Because the property characteristics are inconsistently collected and land values are inconsistently applied, Somervell CAD is unable to maintain consistent and equitable values. These problems, present for a number of years, impact the chief appraiser's ability to market adjust the cost tables and apply new cost tables to the entire county. Since current data is inconsistent, applying new cost tables through a mass appraisal process to all properties may exaggerate existing inequities. The chief appraiser began inspecting all properties in the 2009-10 reappraisal cycle.
Somervell CAD uses the Comptroller's business personal property cost tables to value personal property. These tables are from 2003, and the CAD did not update them to the 2007 appraisal year. This is one of the reasons that business personal property values in Glen Rose ISD are below acceptable levels in the 2007 PVS.
According to IAAO's Standard on Mass Appraisal of Real Property, "Mass appraisal is the process of valuing a group of properties as of a given date, using common data, standardized methods and statistical testing. In determining the value of a parcel, appraisers must rely upon valuation equations, tables and schedules developed through mathematical analysis of market data."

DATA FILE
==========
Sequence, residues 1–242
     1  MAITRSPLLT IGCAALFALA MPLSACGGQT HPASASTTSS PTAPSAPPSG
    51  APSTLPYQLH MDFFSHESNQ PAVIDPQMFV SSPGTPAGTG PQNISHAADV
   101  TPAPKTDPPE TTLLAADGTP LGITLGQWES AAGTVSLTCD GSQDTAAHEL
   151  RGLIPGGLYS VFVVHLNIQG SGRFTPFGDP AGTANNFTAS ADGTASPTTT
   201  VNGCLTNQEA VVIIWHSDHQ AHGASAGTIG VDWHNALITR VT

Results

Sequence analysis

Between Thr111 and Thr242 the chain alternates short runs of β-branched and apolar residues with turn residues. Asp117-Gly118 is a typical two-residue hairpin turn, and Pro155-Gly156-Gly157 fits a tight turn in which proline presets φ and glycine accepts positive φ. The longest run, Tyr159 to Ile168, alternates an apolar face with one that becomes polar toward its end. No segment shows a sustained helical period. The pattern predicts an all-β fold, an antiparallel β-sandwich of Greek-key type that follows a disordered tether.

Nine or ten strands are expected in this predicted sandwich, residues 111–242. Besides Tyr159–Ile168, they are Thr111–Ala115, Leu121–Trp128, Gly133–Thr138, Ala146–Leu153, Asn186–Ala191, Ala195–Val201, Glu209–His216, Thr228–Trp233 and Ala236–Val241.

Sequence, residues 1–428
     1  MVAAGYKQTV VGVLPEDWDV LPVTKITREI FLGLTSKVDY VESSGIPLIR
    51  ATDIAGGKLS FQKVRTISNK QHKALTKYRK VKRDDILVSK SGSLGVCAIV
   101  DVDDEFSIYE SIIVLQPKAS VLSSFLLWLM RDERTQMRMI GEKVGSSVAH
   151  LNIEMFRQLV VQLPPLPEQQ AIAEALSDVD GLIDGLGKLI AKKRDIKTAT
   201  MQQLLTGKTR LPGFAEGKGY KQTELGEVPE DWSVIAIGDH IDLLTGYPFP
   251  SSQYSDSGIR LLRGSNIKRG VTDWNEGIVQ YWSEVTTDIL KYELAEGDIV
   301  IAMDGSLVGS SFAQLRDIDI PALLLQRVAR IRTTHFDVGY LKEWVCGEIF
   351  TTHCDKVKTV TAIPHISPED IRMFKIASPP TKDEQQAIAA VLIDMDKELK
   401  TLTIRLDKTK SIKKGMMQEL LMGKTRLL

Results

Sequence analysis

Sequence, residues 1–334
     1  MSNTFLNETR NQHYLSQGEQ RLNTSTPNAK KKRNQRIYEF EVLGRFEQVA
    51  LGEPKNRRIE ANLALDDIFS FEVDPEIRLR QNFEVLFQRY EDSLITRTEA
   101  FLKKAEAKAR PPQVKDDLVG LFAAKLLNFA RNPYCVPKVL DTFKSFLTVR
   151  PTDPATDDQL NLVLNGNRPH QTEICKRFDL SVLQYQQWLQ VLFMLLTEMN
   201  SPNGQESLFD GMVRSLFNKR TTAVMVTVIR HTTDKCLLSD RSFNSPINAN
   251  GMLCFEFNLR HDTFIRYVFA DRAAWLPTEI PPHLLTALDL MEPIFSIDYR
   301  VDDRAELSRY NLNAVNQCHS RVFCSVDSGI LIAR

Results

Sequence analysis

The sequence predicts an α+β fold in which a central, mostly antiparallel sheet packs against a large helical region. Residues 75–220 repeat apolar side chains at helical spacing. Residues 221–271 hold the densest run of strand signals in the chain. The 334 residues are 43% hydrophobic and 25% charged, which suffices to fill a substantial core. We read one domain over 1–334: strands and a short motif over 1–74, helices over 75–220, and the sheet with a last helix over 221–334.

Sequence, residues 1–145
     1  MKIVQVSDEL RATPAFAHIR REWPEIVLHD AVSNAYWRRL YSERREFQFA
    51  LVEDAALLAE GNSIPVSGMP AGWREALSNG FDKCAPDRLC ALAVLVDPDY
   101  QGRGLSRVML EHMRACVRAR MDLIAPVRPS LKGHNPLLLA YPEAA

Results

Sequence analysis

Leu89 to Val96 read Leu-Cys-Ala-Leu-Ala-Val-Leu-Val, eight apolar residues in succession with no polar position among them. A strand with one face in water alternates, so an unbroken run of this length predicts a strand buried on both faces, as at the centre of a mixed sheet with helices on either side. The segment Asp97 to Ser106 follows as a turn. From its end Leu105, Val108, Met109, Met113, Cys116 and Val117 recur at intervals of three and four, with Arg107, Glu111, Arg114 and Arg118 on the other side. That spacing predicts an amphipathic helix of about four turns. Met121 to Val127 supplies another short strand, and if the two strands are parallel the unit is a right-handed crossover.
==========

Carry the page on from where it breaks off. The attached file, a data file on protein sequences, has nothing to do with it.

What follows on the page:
Annually update and document a coordinated set of detailed land, improvements and business personal property schedules that track local market values for use in the CAD's appraisal system.
Somervell CAD lacks written procedures for gathering and verifying market sales transactions.